Camping in the area is not allowed and there are no shops nearby, so fill the tank, pack plenty of water, and bring along everything else you’ll need for a day of isolated nature.

Review by TooperClan

Interesting History

In the olden days, the hot springs drew the Native Americans, and the mineral water pools were used as a place for healing and rituals.

The original bathhouse in Jemez Springs.

Jemez Springs became a tourist destination in the 1800s because of its spring waters, with locals quickly realizing the commercial opportunities. The source in the village was enclosed within a rock wall and a gazebo that still stands today at the Plaza. Remnants of the original bathhouse, which shut its door for good following a flood in 1941, can be explored on the property of Jemez Hot Springs.

Jemez Springs, mid-20th-century.

In fact, it’s worth stopping for a look around on your way to or from the San Antonio Hot Springs – you’ll see a lot of buildings in Jemez Springs that are over 100 years old. Check out the Los Ojos Restaurant and Saloon, Abousleman Home Jemez Mountain Inn, Casa Blanca Guest House, Jemez Stage Stop, and Garden Inn.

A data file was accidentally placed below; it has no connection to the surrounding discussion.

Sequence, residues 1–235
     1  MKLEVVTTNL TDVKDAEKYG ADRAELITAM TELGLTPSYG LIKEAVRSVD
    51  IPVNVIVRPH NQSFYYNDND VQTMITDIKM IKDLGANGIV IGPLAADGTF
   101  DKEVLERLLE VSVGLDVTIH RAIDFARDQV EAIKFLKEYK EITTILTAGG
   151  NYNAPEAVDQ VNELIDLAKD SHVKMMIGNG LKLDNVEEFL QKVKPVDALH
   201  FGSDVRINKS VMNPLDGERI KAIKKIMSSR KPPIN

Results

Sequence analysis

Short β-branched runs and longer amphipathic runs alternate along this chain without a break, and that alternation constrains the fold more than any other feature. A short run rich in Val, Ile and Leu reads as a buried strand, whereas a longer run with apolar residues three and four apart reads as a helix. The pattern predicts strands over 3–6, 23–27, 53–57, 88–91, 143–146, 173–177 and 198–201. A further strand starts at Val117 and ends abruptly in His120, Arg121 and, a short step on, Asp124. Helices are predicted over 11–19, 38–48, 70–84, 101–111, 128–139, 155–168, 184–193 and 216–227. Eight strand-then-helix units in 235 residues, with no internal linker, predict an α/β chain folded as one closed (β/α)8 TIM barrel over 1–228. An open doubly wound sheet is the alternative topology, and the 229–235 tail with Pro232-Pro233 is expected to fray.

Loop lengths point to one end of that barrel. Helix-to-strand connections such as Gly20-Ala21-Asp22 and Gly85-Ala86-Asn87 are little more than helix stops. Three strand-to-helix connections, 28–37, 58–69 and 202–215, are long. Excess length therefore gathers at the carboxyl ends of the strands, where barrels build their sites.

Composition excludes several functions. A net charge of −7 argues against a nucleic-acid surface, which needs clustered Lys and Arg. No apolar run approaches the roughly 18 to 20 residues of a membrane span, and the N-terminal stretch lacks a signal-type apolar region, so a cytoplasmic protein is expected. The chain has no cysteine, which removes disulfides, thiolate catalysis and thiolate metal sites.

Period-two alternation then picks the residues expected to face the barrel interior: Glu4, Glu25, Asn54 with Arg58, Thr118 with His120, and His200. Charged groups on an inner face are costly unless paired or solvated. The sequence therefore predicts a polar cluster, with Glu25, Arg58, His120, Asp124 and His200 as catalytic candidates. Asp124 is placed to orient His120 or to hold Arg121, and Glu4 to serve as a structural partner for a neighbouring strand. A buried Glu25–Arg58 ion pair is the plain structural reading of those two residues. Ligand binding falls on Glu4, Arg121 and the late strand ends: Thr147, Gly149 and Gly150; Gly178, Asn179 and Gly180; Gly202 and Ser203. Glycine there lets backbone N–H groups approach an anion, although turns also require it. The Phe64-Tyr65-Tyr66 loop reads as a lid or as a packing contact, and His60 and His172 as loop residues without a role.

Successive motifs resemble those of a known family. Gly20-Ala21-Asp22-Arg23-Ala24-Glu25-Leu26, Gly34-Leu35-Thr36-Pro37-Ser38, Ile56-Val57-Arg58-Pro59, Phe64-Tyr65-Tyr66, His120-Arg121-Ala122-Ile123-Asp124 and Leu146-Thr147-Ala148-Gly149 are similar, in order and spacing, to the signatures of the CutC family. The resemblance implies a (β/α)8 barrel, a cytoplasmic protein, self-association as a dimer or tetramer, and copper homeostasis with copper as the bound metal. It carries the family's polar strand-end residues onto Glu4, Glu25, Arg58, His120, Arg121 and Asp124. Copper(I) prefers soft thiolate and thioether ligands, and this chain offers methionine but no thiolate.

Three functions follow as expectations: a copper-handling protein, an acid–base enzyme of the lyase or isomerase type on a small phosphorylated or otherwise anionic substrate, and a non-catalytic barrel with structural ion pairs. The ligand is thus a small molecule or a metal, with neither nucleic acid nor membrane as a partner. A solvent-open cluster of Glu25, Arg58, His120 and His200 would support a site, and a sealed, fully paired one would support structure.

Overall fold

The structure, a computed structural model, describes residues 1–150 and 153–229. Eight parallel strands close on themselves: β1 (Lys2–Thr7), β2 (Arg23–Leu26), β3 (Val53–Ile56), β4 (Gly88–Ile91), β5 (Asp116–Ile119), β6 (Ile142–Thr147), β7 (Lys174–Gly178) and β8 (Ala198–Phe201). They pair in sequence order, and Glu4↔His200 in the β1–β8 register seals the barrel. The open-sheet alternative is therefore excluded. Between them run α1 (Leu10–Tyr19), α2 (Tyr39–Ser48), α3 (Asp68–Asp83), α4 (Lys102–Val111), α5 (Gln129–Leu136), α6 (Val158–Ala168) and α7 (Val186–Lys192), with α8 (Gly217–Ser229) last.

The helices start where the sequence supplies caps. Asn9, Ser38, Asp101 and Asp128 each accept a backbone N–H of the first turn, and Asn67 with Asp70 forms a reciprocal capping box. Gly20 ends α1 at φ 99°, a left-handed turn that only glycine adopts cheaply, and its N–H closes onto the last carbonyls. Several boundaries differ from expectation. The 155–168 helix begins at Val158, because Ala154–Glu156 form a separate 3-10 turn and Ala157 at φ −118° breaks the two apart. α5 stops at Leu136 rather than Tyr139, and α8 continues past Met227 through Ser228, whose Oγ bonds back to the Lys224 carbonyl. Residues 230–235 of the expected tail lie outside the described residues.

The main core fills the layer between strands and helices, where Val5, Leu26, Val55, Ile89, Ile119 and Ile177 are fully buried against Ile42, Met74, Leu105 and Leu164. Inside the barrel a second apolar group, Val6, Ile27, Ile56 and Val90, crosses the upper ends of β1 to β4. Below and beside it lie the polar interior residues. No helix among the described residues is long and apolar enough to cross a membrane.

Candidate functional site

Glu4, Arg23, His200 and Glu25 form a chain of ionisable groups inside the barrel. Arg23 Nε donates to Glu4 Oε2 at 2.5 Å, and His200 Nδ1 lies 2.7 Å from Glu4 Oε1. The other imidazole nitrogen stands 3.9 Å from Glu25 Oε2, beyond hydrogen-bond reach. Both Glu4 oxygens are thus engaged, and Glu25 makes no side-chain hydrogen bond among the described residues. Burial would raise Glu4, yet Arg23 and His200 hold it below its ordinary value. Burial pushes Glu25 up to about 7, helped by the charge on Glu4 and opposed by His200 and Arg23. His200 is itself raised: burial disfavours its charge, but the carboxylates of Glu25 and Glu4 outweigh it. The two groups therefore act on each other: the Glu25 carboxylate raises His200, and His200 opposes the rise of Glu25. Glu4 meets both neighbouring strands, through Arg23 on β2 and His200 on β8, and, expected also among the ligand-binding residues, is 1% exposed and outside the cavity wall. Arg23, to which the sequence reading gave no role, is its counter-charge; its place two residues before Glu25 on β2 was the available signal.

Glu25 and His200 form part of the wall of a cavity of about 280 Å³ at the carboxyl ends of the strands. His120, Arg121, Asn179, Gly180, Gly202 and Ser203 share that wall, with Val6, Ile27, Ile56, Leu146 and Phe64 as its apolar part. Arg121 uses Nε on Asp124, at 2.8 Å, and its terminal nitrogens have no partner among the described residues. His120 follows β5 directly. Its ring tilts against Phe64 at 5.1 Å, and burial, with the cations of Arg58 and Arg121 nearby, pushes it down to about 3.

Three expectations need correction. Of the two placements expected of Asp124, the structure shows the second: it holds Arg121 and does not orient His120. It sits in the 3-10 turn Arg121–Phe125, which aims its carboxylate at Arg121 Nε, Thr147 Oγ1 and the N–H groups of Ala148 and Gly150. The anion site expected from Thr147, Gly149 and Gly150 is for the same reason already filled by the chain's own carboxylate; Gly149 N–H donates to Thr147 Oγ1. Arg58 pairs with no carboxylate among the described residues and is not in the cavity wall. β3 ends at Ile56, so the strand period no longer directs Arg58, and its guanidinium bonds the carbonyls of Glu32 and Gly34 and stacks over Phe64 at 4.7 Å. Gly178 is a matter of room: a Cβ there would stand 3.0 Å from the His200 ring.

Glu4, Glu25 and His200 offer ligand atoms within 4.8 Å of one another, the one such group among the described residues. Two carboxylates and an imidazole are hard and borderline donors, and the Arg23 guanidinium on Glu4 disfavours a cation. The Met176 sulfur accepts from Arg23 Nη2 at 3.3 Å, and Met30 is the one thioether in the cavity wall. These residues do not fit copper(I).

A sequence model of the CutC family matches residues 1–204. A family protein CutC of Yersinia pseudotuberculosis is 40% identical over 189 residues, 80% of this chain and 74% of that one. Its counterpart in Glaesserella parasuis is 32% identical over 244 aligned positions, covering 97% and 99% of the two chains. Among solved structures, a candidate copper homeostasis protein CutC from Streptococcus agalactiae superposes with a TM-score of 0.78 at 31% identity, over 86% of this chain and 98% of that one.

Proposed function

How To Get There

From Jemez Springs, New Mexico, drive north on the NM-4 for approximately 6 miles. Turn left onto the NM-126. Three miles on and you’ll see Forest Service Road 376 on the right. From here, if you’re in a high clearance vehicle, you can drive the next 5 miles along the bumpy dirt track (not recommended in wet weather, and closed in winter anyway), or walk. From the sign directing you to San Antonio Hot Springs, it’s another mile of dirt trail down to the creek, across a neat wooden bridge, and up the hill to the hot springs. That last uphill part needs sturdy shoes and concentration due to the rocks and exposed roots. But, boy, is it worth it!

If you’re coming from Albuquerque, NM, it’ll take just under two hours to travel the 77 miles. Head along the I-25 N, and join the US-550 N at Bernalillo. At San Ysidro, turn northeast onto the NM-4 E. Then, 8.7 miles after Jemez Springs village, turn left onto the NM-126 N. Keep your eyes open for the sharp right turn onto Forest Service Road 376. You’ll see signs for the San Antonio Hot Springs guiding you to the parking lot and trailhead.


The best trip for 2022. I wonder what we will do in 2023. If you ever get a chance check out San Antonio hot springs #sanantoniohotsprings🌲🚶‍♀️❄🏞🚶🌲 #jemezmountains #justfknloveyourlife

♬ original sound – BWaybEnAis🌻

Can I Stay There?

No. But the Santa Fe National Forest has some beautiful camping areas that range in elevation, type (desert to forest), and style (primitive to developed).